UK - Peter Hain, the UK minister for work and pensions, has warned individuals have to take responsibility for their own pensions futures of face a "nightmare" pension crisis in years to come.

His comments came ahead of this afternoon's second reading in the House of Commons, the lower chamber of UK parliament, of the Pensions Bill 2007, which is designed to push through the first stage UK pension system reform by 2012 and which will place a requirement on both employers and employees to do more to save for their own retirement through privately-funded arrangement pension plans.

One of those key requirements being introduced is automatic enrolment, but not mandatory contributions, into good workplace pensions, albeit employers and employees will eventually be required to contribute.

"Radical change is needed. One hundred years ago few people lived long enough to collect a state pension - on average men only survived to age 49 and women to 53. Today, one in four babies is expected to live to 100," said Hain.

"Around three quarters of people say they will need more than the State Pension to live on. But actions do not match words - only around four in 10 working age people are saving into a private pension.

He continued: "With increasing longevity, if we don't tackle the challenge of under-saving, by around 2050 we face the nightmare of a pensions crisis with people of working age struggling to pay for an ageing population. The state, individuals and employers all share in the responsibility to avert such a crisis - so we must act decisively now to renew the social contract between us."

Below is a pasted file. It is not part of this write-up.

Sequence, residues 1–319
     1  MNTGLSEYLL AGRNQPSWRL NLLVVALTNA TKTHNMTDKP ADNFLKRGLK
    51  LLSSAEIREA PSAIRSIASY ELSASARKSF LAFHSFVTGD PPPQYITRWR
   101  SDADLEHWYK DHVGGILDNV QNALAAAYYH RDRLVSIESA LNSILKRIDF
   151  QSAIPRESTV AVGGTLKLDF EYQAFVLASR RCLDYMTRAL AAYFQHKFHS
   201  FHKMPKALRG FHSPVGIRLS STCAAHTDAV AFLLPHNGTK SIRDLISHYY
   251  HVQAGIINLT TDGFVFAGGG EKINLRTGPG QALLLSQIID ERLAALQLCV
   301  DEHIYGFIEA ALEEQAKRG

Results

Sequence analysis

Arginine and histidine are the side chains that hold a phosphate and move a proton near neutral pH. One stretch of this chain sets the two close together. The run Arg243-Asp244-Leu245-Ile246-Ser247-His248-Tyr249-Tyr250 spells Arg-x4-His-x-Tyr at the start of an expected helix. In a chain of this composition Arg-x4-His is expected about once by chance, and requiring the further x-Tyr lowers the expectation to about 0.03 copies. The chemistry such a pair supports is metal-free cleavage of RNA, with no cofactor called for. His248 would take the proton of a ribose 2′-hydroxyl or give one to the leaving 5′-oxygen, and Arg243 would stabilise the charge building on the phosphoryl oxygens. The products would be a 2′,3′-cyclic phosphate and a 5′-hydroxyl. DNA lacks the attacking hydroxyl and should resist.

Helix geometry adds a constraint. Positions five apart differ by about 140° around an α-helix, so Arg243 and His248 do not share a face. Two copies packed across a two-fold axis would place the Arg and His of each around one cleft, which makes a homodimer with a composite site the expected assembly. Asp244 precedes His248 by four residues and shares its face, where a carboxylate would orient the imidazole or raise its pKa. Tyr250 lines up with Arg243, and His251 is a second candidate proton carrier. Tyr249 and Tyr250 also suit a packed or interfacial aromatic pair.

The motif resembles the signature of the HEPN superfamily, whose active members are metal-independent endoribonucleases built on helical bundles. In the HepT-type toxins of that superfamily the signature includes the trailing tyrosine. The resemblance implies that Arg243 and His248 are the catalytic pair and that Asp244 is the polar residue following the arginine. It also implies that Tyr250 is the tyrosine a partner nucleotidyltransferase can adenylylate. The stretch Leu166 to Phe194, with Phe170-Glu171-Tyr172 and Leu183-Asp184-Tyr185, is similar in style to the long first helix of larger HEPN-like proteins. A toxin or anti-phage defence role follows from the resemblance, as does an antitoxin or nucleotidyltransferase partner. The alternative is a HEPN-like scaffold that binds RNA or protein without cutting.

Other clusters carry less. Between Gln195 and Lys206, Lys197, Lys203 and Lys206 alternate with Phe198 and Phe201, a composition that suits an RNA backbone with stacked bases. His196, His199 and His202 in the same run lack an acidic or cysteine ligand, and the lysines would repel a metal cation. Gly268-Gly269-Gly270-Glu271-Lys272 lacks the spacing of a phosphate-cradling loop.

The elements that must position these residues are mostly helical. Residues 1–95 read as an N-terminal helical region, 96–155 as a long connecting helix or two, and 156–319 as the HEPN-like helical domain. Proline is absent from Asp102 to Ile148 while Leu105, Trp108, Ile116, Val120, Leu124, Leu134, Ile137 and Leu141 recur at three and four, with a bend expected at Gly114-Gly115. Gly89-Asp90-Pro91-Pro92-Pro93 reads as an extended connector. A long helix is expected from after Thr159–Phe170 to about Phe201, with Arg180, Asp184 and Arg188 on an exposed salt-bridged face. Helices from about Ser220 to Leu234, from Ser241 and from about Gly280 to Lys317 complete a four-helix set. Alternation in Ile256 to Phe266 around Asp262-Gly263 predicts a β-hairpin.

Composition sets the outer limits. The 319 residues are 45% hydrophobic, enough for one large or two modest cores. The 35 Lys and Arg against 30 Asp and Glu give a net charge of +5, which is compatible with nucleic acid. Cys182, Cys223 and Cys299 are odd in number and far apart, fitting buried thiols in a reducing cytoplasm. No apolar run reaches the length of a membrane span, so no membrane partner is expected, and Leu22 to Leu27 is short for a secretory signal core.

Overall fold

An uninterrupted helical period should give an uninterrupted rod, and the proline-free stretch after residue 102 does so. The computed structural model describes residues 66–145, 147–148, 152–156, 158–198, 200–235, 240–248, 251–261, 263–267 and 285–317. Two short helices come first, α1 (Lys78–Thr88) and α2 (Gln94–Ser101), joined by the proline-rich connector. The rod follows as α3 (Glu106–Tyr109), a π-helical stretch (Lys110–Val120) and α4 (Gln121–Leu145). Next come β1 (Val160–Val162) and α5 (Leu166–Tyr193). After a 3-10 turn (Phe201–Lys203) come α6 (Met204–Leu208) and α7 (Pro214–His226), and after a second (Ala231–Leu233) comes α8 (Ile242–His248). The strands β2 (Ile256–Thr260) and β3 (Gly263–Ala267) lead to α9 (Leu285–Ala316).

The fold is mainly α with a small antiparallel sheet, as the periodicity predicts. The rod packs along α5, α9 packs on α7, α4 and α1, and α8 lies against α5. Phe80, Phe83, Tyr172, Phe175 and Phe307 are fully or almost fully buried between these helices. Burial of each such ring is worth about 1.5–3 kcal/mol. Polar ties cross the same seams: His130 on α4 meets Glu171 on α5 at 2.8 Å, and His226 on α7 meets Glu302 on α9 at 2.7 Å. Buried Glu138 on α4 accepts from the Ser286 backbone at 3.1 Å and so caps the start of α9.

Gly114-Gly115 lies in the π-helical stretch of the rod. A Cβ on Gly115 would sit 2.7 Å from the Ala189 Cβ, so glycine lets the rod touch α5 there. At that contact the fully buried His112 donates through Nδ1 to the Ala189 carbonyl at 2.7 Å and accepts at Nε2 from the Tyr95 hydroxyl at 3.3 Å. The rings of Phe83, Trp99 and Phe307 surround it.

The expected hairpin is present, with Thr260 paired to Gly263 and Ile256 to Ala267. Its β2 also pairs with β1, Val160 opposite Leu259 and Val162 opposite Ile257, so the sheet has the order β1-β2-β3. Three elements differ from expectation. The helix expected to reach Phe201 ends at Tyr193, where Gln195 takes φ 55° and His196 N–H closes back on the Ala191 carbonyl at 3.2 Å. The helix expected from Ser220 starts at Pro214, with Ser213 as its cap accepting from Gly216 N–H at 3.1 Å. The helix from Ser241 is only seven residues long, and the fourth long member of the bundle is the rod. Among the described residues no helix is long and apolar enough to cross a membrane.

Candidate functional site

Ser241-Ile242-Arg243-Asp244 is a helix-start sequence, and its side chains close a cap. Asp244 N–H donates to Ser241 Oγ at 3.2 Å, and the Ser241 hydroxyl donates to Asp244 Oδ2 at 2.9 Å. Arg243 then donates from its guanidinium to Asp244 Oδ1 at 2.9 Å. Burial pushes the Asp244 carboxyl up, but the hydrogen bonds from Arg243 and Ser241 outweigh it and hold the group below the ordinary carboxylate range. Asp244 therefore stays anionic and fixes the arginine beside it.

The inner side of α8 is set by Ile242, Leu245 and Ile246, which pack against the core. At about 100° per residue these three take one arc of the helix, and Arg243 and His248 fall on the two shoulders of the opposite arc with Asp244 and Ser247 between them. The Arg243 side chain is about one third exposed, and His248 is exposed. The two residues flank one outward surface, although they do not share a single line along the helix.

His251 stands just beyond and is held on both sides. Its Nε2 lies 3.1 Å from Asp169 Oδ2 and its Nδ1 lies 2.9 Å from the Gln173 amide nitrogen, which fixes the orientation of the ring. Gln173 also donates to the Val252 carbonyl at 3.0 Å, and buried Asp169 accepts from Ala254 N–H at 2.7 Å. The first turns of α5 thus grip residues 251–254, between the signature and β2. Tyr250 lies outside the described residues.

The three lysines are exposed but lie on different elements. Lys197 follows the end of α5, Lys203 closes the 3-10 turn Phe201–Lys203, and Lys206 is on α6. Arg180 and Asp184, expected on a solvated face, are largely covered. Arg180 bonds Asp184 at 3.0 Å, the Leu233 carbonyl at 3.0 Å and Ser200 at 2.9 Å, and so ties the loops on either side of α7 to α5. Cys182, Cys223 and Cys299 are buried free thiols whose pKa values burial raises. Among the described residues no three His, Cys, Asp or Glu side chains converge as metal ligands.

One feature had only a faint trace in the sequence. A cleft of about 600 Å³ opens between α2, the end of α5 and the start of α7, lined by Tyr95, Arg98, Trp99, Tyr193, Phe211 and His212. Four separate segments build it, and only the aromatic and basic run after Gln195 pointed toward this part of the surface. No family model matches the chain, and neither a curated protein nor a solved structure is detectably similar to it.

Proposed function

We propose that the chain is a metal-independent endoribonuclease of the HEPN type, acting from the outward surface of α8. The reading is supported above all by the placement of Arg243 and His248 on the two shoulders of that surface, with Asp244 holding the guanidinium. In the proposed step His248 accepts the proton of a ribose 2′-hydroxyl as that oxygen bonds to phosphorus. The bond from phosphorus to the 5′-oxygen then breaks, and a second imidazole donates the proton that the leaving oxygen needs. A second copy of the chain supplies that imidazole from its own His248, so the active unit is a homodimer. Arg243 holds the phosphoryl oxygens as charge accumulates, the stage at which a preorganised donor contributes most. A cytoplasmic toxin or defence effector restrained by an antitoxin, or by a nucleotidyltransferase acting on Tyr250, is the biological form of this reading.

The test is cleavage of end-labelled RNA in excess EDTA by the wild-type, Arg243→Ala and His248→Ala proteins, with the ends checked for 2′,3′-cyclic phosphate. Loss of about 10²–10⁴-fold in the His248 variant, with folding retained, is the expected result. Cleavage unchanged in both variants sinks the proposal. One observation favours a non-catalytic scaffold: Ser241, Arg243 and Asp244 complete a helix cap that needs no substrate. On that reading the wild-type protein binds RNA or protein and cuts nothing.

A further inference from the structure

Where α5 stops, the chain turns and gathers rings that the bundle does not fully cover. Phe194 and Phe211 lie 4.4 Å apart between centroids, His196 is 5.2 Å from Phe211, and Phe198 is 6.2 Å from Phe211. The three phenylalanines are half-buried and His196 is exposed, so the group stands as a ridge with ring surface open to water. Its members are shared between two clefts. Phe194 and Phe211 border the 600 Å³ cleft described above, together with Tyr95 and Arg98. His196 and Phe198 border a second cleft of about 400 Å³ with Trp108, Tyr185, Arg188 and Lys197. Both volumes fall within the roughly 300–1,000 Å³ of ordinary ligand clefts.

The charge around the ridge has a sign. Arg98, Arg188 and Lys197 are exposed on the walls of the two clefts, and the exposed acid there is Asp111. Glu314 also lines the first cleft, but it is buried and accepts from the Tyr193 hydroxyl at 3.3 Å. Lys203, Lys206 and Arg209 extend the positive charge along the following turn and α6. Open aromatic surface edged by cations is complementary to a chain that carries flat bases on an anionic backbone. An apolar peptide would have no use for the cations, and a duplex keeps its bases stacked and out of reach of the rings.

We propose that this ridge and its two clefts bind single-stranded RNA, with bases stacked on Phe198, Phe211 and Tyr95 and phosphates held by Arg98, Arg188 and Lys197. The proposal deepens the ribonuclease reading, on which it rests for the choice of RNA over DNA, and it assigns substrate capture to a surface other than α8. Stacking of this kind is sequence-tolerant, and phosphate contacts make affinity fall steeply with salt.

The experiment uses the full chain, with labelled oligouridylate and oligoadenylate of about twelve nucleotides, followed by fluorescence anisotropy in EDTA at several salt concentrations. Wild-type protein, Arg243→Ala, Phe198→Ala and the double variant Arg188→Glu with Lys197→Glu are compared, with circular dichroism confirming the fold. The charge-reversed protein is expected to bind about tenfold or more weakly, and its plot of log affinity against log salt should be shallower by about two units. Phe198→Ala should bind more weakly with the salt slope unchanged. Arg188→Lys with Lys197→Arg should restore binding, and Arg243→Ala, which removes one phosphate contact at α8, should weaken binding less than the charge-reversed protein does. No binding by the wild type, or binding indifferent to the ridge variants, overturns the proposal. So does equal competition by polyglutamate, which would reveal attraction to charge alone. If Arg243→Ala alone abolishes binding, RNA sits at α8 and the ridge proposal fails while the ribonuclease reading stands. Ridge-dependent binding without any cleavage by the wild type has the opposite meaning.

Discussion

Among the early changes being introduced through this latest Bill are the extension of pensions coverage from 2010, the restoration of the earnings link to the basic state pension in 2012 and reforms which will see people retiring at the earliest at the age of 68 by 2046.

Similarly, the Bill will introduce reforms needed to deliver the personal accounts regime, however, the government has swayed against appearing to make pensions membership compulsory by opting for automatic enrolment into a qualifying workplace scheme or personal accounts for all workers aged between 22 and state pension age, and who earn more £5,035 a year, along with a campaign to highlight the need for personal savings.

"Automatic enrolment will combat the inertia which is such a barrier to saving, while the minimum employer contribution and tax relief will mean individuals' contributions are matched £1 for £1," said Hain.

"But it's crucial that individuals play their part in this renewed social contract. To achieve the type of lifestyle they expect in retirement they must take personal responsibility by participating in a pension. For most, the downsides of not saving far outweigh the small risk of saving and later regretting it. These reforms will give millions of people the means to fulfil their aspirations for a better and more secure income in later life," he added.

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